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August 12, 2015

Does Mike Bracken’s GDS exit signal end to government-as-a-platform?

An executive shake-up has called into question future direction of digital unit.

By Jimmy Nicholls

Mike Bracken’s unexpected departure from the Government Digital Service (GDS), the unit that has championed digitisation over the course of the last parliament, has thrown into question the direction of IT usage throughout Whitehall.

The executive director has been seen by some government commentators and suppliers as a pioneer of many of the successful initiatives to sell digital to departments across government, including, G-Cloud, and more latterly government-as-a-platform.

Whilst Bracken’s exit did appear surprising to many, it actually came as a number of schemes wound up at the end of the parliament, including the collecting of departmental websites under, and various "exemplar" programmes covering a variety of IT functions.

Only 15 of these schemes, which GDS built over 400 working days (80 weeks), were completed by the March 2015 deadline, just as Whitehall was winding up for the general election. The intent was that they would be better than those currently in use, encouraging civil servants to switch.

Jessica Figueras, research director at Kable Market Intelligence, told CBR: "Bracken has done in many ways what he set out to do."

In her view and G-Cloud are unlikely to be reversed in his absence. But what could change is the government-as-a-platformagenda, which involved centralising IT resources for use across departments.

"I wouldn’t be surprised if the Treasury had decided not to grant approval [for funding to continue the work]," she said. "Not because it’s not a good idea, but because it’s a very long-term programme."

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But not all agree that GDS’s strategy under Bracken was successful.

As Mark Thompson, strategy director of the Methods Group technology consultancy, puts it: "GDS’s focus on building things ended up being some distance away from the published IT strategy [of the government]."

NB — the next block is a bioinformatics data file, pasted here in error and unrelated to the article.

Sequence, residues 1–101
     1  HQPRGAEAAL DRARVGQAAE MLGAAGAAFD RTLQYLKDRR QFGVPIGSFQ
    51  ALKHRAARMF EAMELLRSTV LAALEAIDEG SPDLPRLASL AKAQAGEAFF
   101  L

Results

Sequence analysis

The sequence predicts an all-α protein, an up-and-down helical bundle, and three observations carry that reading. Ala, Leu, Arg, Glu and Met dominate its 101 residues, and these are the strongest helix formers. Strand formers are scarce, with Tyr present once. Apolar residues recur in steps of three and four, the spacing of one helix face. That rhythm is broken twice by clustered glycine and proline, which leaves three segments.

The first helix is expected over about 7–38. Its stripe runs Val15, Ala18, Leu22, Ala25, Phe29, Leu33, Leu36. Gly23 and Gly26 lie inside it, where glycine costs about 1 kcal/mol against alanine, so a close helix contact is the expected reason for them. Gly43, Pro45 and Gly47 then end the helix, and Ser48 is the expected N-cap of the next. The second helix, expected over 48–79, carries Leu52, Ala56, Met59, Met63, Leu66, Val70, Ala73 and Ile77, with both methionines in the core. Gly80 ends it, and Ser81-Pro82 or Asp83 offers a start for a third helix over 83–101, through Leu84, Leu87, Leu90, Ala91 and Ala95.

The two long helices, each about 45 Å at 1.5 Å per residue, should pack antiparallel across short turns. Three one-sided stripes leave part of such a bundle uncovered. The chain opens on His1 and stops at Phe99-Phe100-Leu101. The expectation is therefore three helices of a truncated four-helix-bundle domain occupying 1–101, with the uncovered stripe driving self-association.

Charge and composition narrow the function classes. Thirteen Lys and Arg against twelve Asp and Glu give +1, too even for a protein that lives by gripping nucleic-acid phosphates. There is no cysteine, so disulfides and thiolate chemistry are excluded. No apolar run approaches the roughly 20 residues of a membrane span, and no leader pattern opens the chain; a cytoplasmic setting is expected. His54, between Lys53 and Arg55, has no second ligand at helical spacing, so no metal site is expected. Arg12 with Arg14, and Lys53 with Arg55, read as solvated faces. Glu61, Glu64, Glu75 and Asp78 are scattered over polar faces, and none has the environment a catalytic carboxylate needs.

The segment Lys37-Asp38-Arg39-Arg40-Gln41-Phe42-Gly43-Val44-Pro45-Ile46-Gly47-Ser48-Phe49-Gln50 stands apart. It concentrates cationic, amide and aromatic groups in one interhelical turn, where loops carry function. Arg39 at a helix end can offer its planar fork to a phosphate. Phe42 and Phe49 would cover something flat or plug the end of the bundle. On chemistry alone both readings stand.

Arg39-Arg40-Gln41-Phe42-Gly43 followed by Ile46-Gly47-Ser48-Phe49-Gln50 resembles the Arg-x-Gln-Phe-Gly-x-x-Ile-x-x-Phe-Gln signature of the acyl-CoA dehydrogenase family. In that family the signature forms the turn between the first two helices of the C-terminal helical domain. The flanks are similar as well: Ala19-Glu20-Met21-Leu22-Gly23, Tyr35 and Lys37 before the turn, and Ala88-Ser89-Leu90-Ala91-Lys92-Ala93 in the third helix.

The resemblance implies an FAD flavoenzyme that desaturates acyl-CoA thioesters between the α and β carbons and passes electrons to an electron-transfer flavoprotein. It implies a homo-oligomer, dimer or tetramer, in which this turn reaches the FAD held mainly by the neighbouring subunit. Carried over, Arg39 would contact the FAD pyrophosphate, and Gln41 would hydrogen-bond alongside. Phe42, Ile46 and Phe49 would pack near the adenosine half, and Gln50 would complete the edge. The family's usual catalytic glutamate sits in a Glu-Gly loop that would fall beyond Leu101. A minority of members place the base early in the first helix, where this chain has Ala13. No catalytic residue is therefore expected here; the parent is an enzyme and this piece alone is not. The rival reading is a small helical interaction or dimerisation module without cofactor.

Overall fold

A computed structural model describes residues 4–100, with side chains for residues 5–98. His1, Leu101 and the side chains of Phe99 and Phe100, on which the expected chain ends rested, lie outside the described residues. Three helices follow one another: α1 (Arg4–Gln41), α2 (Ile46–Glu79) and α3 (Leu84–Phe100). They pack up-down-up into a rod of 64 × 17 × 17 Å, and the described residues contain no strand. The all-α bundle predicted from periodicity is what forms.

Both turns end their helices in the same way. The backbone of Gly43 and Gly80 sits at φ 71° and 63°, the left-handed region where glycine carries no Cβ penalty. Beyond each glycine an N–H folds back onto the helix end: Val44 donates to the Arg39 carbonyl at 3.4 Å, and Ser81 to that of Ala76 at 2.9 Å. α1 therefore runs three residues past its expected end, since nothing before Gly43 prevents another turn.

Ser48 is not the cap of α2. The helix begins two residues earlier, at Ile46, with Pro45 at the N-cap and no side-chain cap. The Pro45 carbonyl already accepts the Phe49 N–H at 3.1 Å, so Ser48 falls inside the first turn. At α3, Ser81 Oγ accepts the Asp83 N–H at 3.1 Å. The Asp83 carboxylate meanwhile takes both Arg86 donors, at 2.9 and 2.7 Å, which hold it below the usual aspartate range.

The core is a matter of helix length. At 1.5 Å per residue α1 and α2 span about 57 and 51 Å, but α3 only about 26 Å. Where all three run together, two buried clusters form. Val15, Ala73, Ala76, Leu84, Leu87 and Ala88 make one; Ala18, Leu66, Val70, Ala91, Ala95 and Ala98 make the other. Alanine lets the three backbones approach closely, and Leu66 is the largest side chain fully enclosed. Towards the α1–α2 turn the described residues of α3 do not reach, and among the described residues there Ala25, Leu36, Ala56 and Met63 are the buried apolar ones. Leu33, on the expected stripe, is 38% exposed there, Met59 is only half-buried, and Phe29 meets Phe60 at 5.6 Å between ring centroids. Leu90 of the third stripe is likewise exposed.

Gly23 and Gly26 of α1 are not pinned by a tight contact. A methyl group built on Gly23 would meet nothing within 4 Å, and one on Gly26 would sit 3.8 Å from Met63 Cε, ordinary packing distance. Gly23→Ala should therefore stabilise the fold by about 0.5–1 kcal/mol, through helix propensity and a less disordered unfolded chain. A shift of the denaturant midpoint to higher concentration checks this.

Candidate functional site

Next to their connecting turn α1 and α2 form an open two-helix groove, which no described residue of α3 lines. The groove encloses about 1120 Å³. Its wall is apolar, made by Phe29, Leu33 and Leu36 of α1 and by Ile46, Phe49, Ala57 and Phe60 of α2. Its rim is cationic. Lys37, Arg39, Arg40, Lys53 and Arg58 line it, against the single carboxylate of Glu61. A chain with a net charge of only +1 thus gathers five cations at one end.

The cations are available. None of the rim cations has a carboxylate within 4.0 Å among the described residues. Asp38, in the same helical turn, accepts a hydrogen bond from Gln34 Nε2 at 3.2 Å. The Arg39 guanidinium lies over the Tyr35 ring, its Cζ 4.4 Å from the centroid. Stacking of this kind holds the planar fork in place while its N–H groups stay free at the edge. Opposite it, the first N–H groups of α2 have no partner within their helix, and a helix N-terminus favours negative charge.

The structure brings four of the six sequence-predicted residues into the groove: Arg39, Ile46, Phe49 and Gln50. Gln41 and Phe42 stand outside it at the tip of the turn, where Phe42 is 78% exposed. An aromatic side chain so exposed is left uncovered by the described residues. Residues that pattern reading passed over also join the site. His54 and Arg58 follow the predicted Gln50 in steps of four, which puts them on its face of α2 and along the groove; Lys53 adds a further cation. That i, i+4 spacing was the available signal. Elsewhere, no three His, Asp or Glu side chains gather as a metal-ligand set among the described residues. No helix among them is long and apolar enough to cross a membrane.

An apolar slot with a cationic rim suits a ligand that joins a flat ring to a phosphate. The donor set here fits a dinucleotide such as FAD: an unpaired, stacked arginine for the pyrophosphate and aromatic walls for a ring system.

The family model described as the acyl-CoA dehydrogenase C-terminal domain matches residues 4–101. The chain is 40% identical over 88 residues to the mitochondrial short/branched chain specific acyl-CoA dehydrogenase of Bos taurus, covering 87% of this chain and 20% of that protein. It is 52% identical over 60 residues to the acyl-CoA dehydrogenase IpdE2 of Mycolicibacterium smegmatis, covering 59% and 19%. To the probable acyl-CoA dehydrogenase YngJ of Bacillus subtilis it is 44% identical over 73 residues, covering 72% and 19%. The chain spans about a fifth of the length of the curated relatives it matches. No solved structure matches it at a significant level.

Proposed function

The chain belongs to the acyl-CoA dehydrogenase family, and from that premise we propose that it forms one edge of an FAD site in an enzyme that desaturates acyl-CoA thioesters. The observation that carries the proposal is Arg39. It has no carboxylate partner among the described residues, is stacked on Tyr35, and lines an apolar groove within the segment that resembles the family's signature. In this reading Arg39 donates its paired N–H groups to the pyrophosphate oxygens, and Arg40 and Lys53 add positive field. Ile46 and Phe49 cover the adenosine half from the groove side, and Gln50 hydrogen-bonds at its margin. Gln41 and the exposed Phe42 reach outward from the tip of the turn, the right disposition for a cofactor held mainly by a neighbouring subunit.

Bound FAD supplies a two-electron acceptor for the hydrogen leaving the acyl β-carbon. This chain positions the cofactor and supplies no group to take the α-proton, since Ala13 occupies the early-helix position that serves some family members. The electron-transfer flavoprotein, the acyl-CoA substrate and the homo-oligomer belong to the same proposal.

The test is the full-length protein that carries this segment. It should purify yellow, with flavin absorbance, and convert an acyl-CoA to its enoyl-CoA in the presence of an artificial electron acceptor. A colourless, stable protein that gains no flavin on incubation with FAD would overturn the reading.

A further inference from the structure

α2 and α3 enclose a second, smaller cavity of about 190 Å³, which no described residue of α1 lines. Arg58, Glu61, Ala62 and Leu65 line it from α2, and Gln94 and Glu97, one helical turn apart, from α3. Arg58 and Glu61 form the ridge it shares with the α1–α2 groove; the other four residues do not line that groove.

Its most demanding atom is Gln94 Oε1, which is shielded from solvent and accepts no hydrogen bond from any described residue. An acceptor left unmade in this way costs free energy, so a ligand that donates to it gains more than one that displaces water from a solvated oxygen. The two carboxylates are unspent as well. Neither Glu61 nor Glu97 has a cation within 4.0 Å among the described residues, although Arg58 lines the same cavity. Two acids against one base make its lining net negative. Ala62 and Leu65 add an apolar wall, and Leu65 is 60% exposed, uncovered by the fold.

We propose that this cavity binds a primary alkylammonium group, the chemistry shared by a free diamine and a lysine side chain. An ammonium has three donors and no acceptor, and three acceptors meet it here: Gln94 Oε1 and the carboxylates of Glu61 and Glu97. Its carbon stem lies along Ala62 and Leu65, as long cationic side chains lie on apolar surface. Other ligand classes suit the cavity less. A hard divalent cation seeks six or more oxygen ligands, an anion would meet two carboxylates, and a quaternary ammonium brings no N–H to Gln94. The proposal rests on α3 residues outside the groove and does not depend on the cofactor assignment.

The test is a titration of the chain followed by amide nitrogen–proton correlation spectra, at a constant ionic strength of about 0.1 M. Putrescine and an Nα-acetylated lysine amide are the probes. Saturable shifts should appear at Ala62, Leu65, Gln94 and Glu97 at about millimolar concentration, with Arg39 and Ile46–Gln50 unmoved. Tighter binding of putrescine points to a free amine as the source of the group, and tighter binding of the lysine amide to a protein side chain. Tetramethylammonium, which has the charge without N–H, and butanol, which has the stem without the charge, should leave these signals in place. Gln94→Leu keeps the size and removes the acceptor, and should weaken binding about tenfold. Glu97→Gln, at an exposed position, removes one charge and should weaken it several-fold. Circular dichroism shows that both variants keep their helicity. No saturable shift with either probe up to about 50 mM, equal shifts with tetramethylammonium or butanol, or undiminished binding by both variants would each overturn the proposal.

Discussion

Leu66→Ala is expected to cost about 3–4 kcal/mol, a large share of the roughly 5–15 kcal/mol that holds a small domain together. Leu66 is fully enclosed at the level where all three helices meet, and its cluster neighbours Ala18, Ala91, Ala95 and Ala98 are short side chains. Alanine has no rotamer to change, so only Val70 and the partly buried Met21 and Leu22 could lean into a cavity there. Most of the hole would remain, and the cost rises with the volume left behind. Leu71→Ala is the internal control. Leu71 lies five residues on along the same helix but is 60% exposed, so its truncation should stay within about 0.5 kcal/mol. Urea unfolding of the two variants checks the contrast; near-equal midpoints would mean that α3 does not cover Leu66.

What he means by this is that the idea of a diversified pool of resources founded on the ideals of the open source model, where everybody pitches in and builds without much central control, is not what was realised. Instead, he argues, GDS’s government-as-a-platform initiate ended up being an archetype of Whitehall control.

Back to the future

Successful or otherwise, whether the scheme leaves with Bracken remains to be seen. The election of a Conservative government has brought demands for cut backs to Whitehall, and the Cabinet Office which sits over the GDS is under pressure to make sacrifices from the Treasury.

The exodus of staff in the wake of the executive director’s departure has also placed more emphasis back on the half of GDS embodied by Liam Maxwell, who is contracted to remain as its chief technology office until 2018.

As such some expect the centralisation allegedly in evidence under Bracken will be overturned in the next parliament. Figueras notes that GDS put a lot of people into various departments over the last parliament, in itself a move away from a hefty "department of digital".

Thompson reckons the cuts were a long time coming. "My reading of this was that it was almost inevitable, because GDS has been getting bigger and bigger," he said, citing the extensive hiring of developers within the unit to build all the IT services.

However rumours of budget pressure are in contrast to remarks Bracken made to Computer Weekly this week in which he claimed to turn down more offers of more money from the Treasury in 2014. But he remains confident his programmes will continue.

"We need to create an argument for government-as-a-platform so we have platform plays rather than doing everything in hundreds of silos," he said. "And that’s what we’ve done."

In this his view tallies with Figueras’. "I think the significance in terms of what GDS does every day is not as great as has been reported," she said. After the appointment of Stephen Foreshew-Cain, former chief operations officer at GDS, we will soon find out.

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